Emily Brontë, Wuthering Heights

Steven Vine (Swansea University)
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A turbulent tale of two families - the Earnshaws and Lintons - over two generations,

Wuthering Heights

(1847) is Emily Brontë's only surviving novel. It is narrated retrospectively as the diary of the book's polite middle-class narrator, Mr Lockwood, who has rented a house in Yorkshire in order to be “completely removed from the stir of society”. In contemporary terms, Lockwood is a metropolitan tourist on a typical Romantic quest for the natural and the picturesque. The house he rents is “Thrushcross Grange”; his landlord is Mr Heathcliff, who lives at “Wuthering Heights”, and he has a housekeeper, Ellen Dean, who narrates Heathcliff's story to him, as well as the history of the two houses and the tale of the Lintons and Earnshaws who have lived there. Ellen Dean is a proud,…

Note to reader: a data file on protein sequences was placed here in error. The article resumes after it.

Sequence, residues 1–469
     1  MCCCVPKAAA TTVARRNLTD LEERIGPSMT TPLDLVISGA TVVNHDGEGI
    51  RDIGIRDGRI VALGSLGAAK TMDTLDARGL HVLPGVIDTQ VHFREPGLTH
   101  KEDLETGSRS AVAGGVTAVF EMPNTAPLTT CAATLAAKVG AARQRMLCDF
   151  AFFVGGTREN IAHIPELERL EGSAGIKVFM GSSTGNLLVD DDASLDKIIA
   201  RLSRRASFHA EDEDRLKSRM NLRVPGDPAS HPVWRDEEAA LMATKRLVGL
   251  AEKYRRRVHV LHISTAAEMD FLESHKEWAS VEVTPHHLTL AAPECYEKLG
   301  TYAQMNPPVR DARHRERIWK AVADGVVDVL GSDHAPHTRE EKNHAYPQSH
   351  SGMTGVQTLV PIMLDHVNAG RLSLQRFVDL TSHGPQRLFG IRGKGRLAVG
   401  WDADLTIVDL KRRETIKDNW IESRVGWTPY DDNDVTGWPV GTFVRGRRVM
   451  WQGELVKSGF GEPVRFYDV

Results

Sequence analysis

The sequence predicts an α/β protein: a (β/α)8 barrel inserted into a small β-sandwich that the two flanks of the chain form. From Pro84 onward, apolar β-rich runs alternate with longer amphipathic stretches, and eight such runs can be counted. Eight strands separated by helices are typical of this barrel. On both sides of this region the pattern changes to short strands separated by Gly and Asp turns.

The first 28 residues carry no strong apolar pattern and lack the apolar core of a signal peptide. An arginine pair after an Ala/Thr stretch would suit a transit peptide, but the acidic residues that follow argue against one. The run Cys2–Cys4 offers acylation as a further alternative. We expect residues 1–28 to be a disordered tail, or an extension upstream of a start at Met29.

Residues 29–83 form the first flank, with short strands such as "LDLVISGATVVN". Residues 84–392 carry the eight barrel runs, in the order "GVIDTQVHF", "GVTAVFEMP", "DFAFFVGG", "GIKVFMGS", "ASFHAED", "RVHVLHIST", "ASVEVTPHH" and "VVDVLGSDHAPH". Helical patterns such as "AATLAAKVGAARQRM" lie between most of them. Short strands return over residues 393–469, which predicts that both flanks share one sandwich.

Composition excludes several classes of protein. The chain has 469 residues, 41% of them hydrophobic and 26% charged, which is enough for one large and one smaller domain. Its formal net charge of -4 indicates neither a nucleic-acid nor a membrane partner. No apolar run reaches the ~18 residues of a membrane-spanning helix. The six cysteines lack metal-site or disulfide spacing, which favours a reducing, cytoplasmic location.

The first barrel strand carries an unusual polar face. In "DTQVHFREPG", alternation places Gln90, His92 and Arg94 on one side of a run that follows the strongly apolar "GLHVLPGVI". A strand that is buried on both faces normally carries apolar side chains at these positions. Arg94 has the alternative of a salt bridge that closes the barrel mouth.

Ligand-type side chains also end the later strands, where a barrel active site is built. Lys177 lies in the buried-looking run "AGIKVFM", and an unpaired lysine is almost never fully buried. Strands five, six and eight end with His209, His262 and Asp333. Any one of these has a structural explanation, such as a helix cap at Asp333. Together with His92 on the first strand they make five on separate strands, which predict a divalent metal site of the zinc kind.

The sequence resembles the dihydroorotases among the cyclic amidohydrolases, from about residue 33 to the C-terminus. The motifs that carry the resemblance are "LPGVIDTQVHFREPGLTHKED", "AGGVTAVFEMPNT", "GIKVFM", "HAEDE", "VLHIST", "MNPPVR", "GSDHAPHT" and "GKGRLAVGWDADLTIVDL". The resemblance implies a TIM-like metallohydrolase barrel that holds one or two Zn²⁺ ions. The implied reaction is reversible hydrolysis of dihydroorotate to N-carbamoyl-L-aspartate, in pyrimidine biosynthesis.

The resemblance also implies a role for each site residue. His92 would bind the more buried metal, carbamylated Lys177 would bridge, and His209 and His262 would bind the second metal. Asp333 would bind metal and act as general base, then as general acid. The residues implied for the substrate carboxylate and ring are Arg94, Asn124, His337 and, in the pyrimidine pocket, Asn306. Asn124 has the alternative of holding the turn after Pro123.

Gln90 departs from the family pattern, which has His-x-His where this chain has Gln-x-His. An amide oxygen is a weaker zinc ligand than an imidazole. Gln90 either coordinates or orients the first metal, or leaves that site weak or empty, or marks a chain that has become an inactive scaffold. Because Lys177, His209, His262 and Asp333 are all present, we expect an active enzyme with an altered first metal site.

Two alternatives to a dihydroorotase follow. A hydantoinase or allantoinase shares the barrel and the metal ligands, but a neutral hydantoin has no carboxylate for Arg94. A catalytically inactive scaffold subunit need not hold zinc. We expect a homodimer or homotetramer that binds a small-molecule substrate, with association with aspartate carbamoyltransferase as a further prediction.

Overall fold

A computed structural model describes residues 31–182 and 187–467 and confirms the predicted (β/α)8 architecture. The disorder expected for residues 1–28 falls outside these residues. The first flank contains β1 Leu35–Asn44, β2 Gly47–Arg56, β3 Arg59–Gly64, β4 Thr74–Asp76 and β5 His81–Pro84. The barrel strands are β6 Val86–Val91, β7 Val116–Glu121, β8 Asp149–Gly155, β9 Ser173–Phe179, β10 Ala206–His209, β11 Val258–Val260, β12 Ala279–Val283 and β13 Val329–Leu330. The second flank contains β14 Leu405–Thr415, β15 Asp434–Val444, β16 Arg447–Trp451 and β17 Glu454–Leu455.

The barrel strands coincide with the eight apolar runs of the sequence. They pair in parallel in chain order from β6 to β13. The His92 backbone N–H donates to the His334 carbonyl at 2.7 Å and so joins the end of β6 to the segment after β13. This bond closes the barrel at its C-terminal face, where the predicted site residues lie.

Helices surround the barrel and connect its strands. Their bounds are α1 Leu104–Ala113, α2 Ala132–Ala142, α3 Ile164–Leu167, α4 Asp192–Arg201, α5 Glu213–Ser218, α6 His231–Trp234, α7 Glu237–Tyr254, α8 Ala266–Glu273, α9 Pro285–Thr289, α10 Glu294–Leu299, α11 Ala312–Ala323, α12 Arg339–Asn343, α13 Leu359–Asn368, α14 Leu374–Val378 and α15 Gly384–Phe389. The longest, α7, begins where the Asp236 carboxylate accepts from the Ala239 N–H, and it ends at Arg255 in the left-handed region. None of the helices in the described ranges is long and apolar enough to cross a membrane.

3096 words

Citation: Vine, Steven. "Wuthering Heights". The Literary Encyclopedia. First published 30 June 2002 [https://www.litencyc.com/php/sworks.php?rec=true&UID=8891, accessed 12 June 2024.]

8891 Wuthering Heights 3 Historical context notes are intended to give basic and preliminary information on a topic. In some cases they will be expanded into longer entries as the Literary Encyclopedia evolves.

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